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A night of dark and sexy aesthetics in music, venue, and couture, this is definitely an event where one does not want to half-ass one's look.
(May I suggest an ensemble along the lines of fatal-car-crash-meets-elegant-Wednesday-Addams?
"I think from the standpoint of 'bondage,' we have this view of some Simon Legree that's beating them up all the time, that they're chained to the wall," Urquhart told Monson.
"That clearly wasn't occurring" in the K-Girl case.
But there was also "a subculture of TRB" involving Korean escorts who "came into this country illegally, or at the very least they stayed illegally," he said.
And while these women may not have faced restraints or abuse, they were coerced "mentally, economically, and psychologically to continue in this work." "Well, I'm coerced economically," replied Monson. That's why we're both at work today." Urquhart responded that Monson was "absolutely correct," but the difference is that "our jobs we're stuck in are not illegal." It's not the only time during the interview that Urquhart inadvertently blames prostitution's for the problems police set out to solve here.
This, in turn, lets them take other precautions, like seeing clients in established (and secure) locations, avoiding riding in cars with strangers, and keeping others apprised of their whereabouts.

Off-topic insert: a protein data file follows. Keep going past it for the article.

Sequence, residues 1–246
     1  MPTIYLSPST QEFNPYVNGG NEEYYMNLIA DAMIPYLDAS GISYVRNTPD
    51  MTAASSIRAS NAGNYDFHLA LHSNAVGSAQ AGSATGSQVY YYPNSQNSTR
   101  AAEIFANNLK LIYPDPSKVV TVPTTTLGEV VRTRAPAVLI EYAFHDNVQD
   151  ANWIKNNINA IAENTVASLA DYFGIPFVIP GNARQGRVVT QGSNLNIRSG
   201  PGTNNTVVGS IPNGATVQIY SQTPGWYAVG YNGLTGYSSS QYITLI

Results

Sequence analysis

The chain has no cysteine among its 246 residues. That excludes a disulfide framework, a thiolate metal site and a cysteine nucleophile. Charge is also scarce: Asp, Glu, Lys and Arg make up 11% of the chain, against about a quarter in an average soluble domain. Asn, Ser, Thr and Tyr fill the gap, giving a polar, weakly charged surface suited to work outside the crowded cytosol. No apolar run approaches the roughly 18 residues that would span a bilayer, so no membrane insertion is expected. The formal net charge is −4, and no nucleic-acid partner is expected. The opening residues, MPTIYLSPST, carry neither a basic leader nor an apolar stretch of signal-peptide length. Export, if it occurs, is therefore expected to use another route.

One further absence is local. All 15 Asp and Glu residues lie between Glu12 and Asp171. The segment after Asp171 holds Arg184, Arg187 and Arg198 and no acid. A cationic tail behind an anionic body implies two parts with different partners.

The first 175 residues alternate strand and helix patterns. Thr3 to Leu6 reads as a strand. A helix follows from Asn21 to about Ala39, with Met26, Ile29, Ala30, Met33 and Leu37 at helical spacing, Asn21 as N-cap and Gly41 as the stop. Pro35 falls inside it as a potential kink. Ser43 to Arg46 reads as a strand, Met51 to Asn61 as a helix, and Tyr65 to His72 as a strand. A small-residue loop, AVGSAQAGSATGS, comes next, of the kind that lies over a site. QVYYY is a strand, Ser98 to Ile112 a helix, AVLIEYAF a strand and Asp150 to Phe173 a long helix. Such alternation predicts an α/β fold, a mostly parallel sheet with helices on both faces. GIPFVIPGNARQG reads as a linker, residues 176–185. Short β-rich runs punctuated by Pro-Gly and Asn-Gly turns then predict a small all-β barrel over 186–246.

Urquhart agreed with Monson's statement that "there isn't a bar in Seattle ...
Which probably means not concocting elaborate, expensive, and years-long sting operations in order to entrap adults engaging in consensual sexual exchange and then misrepresent this as some sort of major blow against a sinister syndicate of international sex traffickers.For screening purposes, sex workers and agencies had their own protocols, which might require first-time clients to produce proof of identity, furnish references in the form of sex workers they had seen before, or be referred by an existing client.The Korean escort-agencies that the sheriff's office busted were notorious for having especially stringent screening policies.But these women..spoke little if any English, they knew nobody in this country, had nobody to talk to except their other sex workers.They faced the fear of deportation because they overstayed their visas, they were threatened with being turned out if they didn't cooperate.
And once again, his solution to supposed violence in the Seattle sex trade is to drive it further underground.